allan
allan

July 7th, 2005, 1:53 am #31

An apostasy is taking place within the ranks of churches of Christ. Marching under the banner of change, those pursuing this course are determined to change the faith worship and practice of our brethren so they will be acceptable to the denominational bodies of Protestantism. The most noticeable changes include willingness to accept the use of instrumental music in worship, the placing of women in public leadership roles in the church, denying the absolute essentiality of baptism for salvation, teaching that the church of Christ is only one of many denominations that are pleasing to God.

Those who have been members of the church for any length of time stand in amazement as they see brethren turning their backs on the gospel of Christ and the church he purchased with his blood and rushing to embrace the faulty notions of men. They wonder what in the world would cause folks to make such a foolish choice? The points following seem to be common factors found in those who are looking for changes to the ancient gospel of Christ.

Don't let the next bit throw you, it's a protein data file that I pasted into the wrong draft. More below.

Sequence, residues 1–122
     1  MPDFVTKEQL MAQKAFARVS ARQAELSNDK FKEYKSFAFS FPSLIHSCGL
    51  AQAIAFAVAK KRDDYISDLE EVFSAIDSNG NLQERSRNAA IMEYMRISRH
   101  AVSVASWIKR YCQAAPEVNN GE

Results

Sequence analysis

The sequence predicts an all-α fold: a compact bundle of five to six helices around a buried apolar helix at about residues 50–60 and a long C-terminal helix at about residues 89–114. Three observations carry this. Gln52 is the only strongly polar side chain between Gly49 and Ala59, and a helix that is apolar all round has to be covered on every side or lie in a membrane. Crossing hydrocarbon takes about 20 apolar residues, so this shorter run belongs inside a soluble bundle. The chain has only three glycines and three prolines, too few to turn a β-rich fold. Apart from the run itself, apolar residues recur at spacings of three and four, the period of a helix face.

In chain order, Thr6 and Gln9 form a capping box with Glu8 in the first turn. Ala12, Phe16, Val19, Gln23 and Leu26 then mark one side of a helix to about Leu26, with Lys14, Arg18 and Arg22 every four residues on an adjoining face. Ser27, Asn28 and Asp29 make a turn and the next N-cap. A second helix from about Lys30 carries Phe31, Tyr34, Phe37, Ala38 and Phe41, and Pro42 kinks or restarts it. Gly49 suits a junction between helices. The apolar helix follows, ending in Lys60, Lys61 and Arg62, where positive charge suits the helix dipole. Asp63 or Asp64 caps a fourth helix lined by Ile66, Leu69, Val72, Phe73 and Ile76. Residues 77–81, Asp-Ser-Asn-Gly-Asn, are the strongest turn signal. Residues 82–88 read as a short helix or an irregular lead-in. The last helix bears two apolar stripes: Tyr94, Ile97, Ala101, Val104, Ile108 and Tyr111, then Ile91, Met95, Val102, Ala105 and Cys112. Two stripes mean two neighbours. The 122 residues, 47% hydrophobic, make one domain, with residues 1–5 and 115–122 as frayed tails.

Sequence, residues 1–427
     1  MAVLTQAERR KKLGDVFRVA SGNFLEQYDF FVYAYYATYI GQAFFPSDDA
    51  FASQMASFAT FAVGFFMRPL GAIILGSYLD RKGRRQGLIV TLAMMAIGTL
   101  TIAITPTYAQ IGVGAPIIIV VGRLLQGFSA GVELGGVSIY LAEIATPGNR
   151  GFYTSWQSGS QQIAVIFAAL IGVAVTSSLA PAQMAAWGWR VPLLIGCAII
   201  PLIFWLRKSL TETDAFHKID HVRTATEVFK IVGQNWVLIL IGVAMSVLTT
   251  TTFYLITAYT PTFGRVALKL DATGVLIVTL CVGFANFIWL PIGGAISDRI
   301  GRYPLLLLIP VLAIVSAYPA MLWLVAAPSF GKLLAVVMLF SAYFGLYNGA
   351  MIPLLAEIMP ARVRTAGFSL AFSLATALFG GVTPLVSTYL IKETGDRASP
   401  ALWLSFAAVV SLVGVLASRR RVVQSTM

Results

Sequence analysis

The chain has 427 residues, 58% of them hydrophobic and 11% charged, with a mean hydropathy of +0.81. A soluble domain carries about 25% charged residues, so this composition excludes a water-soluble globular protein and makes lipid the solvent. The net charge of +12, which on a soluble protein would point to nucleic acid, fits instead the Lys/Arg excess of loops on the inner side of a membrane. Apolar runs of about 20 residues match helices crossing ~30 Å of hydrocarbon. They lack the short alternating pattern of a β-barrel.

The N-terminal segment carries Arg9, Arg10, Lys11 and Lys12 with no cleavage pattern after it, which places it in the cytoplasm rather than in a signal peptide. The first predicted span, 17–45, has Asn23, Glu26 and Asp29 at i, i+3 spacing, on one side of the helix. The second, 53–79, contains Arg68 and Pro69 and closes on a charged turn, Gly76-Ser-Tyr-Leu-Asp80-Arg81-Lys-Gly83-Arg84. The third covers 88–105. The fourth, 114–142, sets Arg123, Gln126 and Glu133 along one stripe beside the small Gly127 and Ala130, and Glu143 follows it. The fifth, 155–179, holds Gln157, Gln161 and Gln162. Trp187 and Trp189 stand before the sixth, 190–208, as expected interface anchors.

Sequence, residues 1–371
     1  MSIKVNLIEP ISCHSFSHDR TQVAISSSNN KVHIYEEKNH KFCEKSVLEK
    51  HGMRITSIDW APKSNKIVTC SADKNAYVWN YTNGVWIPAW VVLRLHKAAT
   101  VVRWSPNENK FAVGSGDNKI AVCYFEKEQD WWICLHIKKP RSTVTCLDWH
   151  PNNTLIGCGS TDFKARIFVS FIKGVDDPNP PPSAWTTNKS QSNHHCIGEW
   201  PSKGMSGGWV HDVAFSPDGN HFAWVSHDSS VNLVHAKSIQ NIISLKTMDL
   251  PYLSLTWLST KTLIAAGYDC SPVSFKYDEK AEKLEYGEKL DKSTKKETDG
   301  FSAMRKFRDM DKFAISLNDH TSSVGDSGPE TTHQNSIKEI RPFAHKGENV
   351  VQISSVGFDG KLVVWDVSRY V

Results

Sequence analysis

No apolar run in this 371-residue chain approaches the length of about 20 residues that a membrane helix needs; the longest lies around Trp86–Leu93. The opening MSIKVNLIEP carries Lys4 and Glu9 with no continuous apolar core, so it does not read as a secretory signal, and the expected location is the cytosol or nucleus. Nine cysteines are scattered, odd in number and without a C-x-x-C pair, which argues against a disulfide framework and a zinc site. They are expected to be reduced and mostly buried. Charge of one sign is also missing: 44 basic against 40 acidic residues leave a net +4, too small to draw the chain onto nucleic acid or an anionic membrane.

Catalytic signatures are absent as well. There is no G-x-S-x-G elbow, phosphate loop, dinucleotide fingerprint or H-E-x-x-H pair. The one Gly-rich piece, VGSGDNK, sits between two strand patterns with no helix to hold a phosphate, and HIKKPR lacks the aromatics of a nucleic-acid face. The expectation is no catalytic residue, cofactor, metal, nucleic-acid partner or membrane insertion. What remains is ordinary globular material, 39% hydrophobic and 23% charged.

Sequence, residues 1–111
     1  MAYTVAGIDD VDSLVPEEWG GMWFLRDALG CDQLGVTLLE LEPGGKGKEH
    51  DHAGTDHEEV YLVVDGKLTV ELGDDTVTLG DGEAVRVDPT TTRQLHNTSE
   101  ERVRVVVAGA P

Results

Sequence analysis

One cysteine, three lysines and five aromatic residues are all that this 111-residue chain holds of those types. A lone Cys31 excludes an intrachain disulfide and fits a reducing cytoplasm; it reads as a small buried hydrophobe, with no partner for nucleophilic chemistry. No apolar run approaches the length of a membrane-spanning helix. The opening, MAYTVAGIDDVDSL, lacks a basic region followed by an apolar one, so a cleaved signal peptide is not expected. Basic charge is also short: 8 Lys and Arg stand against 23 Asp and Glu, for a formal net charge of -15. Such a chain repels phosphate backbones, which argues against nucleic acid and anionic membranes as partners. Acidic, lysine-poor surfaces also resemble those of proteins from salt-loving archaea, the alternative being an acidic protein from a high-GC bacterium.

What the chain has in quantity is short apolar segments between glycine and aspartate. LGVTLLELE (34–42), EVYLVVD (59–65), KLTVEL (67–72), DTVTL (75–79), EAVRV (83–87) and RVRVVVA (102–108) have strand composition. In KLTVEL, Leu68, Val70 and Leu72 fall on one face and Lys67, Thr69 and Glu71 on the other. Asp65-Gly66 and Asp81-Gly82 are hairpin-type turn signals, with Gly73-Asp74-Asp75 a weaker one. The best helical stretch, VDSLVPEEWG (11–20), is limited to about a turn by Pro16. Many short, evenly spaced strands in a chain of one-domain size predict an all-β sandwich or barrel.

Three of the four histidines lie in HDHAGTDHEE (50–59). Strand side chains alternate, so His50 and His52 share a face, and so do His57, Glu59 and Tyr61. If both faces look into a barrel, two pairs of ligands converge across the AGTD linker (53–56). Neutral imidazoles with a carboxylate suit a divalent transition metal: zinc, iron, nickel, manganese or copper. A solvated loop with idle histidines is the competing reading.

The leading preachers in the change movement are men of much education. Many of them have pursued their advanced degrees in either secular or denominational universities. There their faith was undermined and replaced with a denominational point of view. They have brought that home and are trying to impose it on our people.